The Meteor that Changed the World

On December 14, 1807, astonished witnesses watched a giant fireball blaze across the sky. Three sonic booms erupted. Then rocks fell from the air. How did the Weston Meteorite change the world?

What was the Weston Meteorite?

It might be hard to imagine but meteorite science was practically non-existent in the 1800s. Sure, people had seen meteors for centuries. But they were poorly understood and hardly ever connected to odd stories of falling rocks. In fact, it wasn’t until the 1800s that scientists began to realize these falling rocks were quite different from the ones normally found on the ground.

Within a few days of December 14, Benjamin Silliman and James L. Kingsley traveled to Weston, Connecticut to investigate the phenomenon. They interviewed witnesses and gathered and analyzed specimens. It wasn’t easy. They only managed to find 15% of the meteorite rocks. Many others disappeared into the hands of residents who proceeded to crack them open.

“Strongly impressed with the idea that these stones contained gold and silver, they subjected them to all the tortures of ancient alchemy, and the goldsmith’s crucible, the forge, and the blacksmith’s anvil, were employed in vain to elicit riches which existed only in the imagination.” ~ Benjamin Silliman and James L. Kingsley, Account of a Meteor

After Silliman and Kingsley published their account, the story caught fire. It was reprinted in multiple journals. Their words were read before the American Philosophical Society, the Philosophical Society of London, and the Academy of Sciences in Paris. Still, not everyone was a believer.

“I would more easily believe that (a) Yankee professor would lie than that stones would fall from heaven.” ~ Thomas Jefferson

Guerrilla Explorer’s Analysis

However, Silliman continued to think meteorite rocks had a cosmic origin. He taught this to his students, paving the way for meteorite science in the United States. One of his students, Denison Olmstead, went on to study the famous Leonid meteor storm of November 1833. That storm, witnessed by people all over the eastern United States, was a turning point for meteorite science. But the foundation had been laid decades earlier, thanks to the groundbreaking work done by Benjamin Silliman and James L. Kingsley.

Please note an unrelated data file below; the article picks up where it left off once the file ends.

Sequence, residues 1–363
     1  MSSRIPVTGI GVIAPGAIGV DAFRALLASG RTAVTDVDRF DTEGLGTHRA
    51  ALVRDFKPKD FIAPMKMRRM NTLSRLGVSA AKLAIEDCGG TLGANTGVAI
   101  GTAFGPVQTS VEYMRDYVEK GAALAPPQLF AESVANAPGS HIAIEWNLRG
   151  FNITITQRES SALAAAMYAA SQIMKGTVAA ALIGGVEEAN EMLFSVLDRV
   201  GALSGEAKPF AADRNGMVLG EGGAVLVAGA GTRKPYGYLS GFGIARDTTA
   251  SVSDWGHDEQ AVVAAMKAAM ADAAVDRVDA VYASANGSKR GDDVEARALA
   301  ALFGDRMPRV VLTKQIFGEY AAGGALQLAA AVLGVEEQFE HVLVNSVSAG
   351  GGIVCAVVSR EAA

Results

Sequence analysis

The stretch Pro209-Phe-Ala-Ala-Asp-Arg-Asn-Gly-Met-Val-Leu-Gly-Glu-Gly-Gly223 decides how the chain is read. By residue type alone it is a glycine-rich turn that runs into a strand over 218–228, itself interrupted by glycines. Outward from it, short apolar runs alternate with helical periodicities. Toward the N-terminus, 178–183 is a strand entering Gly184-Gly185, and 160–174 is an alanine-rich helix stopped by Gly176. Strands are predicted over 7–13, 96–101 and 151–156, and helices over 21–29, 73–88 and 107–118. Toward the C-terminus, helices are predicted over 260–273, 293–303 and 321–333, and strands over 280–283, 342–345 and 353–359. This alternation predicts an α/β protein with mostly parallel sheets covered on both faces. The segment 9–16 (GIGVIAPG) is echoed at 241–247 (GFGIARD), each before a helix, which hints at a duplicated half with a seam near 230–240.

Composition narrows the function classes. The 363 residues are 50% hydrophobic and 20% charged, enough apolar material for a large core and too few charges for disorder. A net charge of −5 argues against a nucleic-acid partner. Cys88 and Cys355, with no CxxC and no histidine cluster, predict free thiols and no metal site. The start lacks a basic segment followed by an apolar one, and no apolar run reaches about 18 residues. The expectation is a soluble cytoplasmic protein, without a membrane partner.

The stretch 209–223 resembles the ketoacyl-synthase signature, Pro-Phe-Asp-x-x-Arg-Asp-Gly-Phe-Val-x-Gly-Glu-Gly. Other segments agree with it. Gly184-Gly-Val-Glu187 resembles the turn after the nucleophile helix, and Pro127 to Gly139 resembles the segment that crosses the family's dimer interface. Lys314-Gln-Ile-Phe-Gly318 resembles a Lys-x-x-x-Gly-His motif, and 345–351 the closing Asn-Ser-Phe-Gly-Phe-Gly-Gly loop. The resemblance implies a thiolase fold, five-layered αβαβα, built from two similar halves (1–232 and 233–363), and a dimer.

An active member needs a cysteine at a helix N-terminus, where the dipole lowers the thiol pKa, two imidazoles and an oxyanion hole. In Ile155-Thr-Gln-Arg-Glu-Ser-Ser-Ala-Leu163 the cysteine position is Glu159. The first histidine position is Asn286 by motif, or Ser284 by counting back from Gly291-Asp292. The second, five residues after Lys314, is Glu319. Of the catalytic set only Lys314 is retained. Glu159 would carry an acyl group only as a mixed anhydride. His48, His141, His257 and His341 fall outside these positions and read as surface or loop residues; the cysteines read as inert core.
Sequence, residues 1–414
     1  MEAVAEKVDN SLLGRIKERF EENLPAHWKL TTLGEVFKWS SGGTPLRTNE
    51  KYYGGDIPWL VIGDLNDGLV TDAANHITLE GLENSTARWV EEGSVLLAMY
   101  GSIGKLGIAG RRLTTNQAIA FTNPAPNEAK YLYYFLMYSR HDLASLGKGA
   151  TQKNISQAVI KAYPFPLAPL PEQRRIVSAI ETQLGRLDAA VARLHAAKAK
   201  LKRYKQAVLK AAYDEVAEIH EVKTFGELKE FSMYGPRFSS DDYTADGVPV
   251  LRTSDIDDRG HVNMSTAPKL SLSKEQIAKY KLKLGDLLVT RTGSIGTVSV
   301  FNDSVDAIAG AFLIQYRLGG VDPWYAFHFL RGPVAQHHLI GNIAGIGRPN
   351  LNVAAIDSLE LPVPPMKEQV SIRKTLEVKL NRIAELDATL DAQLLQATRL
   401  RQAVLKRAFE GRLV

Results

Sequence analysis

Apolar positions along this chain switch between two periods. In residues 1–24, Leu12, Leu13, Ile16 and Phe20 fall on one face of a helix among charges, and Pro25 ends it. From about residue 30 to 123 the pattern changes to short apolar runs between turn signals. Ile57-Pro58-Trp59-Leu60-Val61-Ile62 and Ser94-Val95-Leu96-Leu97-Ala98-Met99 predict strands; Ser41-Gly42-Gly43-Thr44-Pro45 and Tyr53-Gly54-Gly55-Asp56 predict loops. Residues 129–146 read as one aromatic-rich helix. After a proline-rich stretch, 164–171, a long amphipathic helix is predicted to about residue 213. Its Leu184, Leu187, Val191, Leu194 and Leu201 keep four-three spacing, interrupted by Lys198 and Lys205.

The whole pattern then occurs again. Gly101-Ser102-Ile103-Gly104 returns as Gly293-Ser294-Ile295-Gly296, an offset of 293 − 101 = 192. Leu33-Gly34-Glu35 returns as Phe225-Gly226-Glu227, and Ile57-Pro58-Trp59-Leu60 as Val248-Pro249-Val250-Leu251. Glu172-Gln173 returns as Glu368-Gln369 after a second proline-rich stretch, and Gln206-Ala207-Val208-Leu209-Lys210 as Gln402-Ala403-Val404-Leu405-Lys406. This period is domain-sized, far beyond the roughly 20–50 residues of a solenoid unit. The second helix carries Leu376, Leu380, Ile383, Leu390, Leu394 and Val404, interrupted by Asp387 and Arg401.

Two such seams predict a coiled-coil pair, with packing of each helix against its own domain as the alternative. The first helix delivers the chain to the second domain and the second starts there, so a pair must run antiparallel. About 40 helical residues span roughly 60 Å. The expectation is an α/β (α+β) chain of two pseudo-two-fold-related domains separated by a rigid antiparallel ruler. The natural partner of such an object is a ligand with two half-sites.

“In Europe I had become acquainted with meteorites and the phenomena that usually attend their fall…. I did not dream of being favored by an event of this kind in my own vicinity and occurring on a scale truly magnificent.” ~ Benjamin Silliman, Life of Benjamin Silliman

Thomas Jefferson’s Secret Bible?

In 1820, Thomas Jefferson put the finishing touches on a strange modified Bible entitled The Life and Morals of Jesus of Nazareth. The work, which took him over a decade to complete, was not published until 1895, 69 years after Jefferson’s death. What was the purpose of the Jefferson Bible?

Thomas Jefferson & the Jefferson Bible?

Thomas Jefferson was a great admirer of the “Christian System.” However, although he had tremendous appreciation for Jesus’ moral philosophy, he had little patience for stories about miracles, the virgin birth, or the resurrection. So, using a razor, he cut out selected sections of the books of Matthew, Mark Luke, and John. Then he arranged them in chronological order and pasted them to sheets of paper. By the end, he had created his own unique and private account of the life of Jesus Christ, sans supernatural elements.

Guerrilla Explorer’s Analysis

Afraid of what other people might think, Jefferson never published the book and in fact, only mentioned it to a few people. It was finally brought to market in 1895 and then again by order of Congress in 1904. For many years afterward, “it was presented to all newly elected members of that body.” Jefferson’s secret Bible is not well known today. However, it would appear that his desire to craft his own unique faith informed his views on why religion needs to be protected from intrusion by the state.

“…I contemplate with sovereign reverence that act of the whole American people which declared that their legislature should ‘make no law respecting an establishment of religion, or prohibiting the free exercise thereof,’ thus building a wall of separation between Church & State.” ~ Thomas Jefferson, 1802

Here’s more on the Jefferson Bible from Mitch Horowitz at CNN:

Imagine the following scenario: A U.S. president is discovered to be spending his spare time taking a razor to the New Testament, cutting up and re-pasting those passages of the Gospels that he considered authentic and morally true and discarding all the rest.

Gone are the virgin birth, divine healings, exorcisms and the resurrection of the dead, all of which the chief executive dismissed as “superstitions, fanaticisms and fabrications.”

Such an episode occurred, although the revised version of Scripture remained unseen for nearly seven decades after its abridger’s death. Thomas Jefferson intended it that way…

(See the rest on the Jefferson Bible at CNN)